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Scura, Wigfield, Heyer, Stevens & Cammarota Blog

Can You File Bankruptcy within 1 Year of the Dismissal of a Prior Case?

[fa icon="clock-o"] October 27, 2016 [fa icon="user"] David E. Sklar [fa icon="folder-open'] Bankruptcy

Can-You File-Bankruptcy-within-1-Year-of-the-DismissalAn individual that has a bankruptcy case dismissed is significantly implicated in a subsequent case that is filed within a 12-month period of the previous case dismissal other than a refiled chapter 7 bankruptcy after dismissal under 11 U.S.C. § 707(b).

This often arises within a chapter 13 bankruptcy case where a client failed to make plan payments or file necessary documents with the Court that are necessary in a bankruptcy case. Upon the filing of the second case, the Debtor will need to file a motion to extend the automatic stayan automatic injunction that halts actions by creditors, with certain exceptions, to collect debts from a debtor who has declared bankruptcy – and have that motion heard within thirty days of the second case being filed pursuant to 11 U.S.C. § 362(c)(3)(A) or the Debtor will not have the benefit of the automatic stay. 

Demonstrating Good Faith

The second case is presumed to be filed in bad faith under 11 U.S.C. § 362(c)(3)(C) if the Debtor fails to make plan payments, file necessary documents or if there has not been a substantial change in circumstances (amongst other things) that can be rebutted by clear and convincing evidence. Therefore, the Debtor in this situation will need to demonstrate his good faith in filing the bankruptcy and demonstrate that there has been a substantial change in circumstances in his financial situation at the time the current bankruptcy was filed from the time the previous bankruptcy was filed.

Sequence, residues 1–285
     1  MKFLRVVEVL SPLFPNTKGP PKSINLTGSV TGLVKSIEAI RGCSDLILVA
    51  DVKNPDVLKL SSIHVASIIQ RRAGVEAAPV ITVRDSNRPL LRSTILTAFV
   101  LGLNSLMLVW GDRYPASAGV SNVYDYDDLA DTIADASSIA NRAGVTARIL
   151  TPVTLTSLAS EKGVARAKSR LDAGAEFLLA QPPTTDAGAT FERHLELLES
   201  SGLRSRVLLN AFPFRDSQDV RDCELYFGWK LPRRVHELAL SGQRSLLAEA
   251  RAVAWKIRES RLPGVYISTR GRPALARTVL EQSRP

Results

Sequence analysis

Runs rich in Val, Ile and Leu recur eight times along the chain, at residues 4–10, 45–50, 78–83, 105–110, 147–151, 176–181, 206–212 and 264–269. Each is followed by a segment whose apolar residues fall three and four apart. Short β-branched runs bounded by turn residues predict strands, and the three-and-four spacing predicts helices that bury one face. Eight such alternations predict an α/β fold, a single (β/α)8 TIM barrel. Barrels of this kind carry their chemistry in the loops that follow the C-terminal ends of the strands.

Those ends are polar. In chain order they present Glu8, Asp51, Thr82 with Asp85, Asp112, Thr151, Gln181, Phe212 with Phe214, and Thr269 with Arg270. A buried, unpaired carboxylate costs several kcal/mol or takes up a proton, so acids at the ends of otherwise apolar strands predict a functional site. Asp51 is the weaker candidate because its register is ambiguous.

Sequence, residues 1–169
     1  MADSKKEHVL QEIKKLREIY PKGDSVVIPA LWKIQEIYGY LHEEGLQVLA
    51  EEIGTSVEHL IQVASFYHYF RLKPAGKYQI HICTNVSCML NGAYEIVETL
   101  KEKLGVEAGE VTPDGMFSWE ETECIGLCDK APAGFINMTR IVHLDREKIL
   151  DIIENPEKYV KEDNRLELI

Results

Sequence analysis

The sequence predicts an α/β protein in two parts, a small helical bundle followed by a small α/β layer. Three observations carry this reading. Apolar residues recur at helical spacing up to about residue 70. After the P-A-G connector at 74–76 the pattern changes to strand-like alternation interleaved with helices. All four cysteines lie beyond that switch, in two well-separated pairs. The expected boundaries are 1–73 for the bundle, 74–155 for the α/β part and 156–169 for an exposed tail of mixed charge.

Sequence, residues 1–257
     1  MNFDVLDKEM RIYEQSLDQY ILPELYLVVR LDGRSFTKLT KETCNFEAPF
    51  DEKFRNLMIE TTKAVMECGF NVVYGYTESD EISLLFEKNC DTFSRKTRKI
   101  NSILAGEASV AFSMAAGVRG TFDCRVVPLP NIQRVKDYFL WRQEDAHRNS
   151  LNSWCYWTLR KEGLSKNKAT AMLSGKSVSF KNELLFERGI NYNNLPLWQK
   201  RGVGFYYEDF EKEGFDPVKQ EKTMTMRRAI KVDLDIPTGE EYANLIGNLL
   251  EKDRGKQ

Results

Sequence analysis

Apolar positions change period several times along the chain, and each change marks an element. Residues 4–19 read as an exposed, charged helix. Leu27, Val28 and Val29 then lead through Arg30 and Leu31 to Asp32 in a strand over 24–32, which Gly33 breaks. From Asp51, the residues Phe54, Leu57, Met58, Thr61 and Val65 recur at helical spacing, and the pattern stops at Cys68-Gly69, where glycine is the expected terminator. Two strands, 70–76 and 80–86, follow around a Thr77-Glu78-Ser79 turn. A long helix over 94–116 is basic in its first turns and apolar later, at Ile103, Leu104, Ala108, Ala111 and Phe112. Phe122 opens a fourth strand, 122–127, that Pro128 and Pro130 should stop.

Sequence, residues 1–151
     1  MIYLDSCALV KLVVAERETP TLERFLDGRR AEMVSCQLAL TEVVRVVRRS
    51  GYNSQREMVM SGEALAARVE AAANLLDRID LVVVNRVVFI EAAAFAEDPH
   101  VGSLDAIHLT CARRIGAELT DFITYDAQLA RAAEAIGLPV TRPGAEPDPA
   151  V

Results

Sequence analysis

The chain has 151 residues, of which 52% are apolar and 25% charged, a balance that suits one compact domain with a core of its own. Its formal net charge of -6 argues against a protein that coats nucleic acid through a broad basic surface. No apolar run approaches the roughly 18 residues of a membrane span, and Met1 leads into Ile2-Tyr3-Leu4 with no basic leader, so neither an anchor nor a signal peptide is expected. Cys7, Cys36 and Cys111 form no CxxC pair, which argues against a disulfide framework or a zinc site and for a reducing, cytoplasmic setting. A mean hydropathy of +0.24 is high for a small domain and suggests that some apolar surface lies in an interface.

What qualifies as a substantial change in circumstances?

A substantial change in circumstances can be a decrease in a priority income tax liability, a decreased car payment, a change in personal affairs causing financial stress, etc. However, it’s important that you be able to demonstrate to the Court that things are different in your life at the time of the second bankruptcy filing.  Essentially, the Debtor needs to be able to explain to the Court why this bankruptcy case is not going to end in the same result as the previous bankruptcy case based on specifically identifiable factors. 

Relevant factors relating to the circumstances

As to good faith, the Third Circuit Court of Appeals (the federal appeals circuit for New Jersey) evaluated good faith in this context in the case titled In re Lilley, 91 F.3d 491 (3d. Cir. 1996). The Third Circuit found “that the good faith of Chapter 13 filings must be assessed on a case-by-case basis in light of the totality of the circumstances.

Factors relevant to the totality of the circumstances inquiry may include, among others, the following:

  • “the nature of the debt;
  • the timing of the petition;
  • how the debt arose;
  • the debtor’s motive in filing the petition;
  • how the debtor’s actions affected creditors;
  • the debtor’s treatment of creditors both before and after the petition was filed; and
  • whether the debtor has been forthcoming with the bankruptcy court and the creditors."
Id at 496 quoting In re Love, 957 F.2d. 1350, 1357 (7th Cir. 1992)

As you can see, it’s far from a simple procedure to reinstate the automatic stay in a second individual bankruptcy case within a 12-month period from when a previous individual bankruptcy case has been dismissed.

If you find yourself in this situation, it’s important to contact an experienced bankruptcy practitioner to guide you through the process.

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David E. Sklar

Prior to joining Scura, Wigfield, Heyer, Stevens & Cammarota, LLP, David Sklar graduated from Rutgers University-Newark School of Law with a J.D., Cum Laude. Mr. Sklar was the recipient of a Pro Bono Award and was honored by the New Jersey Bar Association for his commitment to the Street Law Program by being awarded the Street Law Prize.

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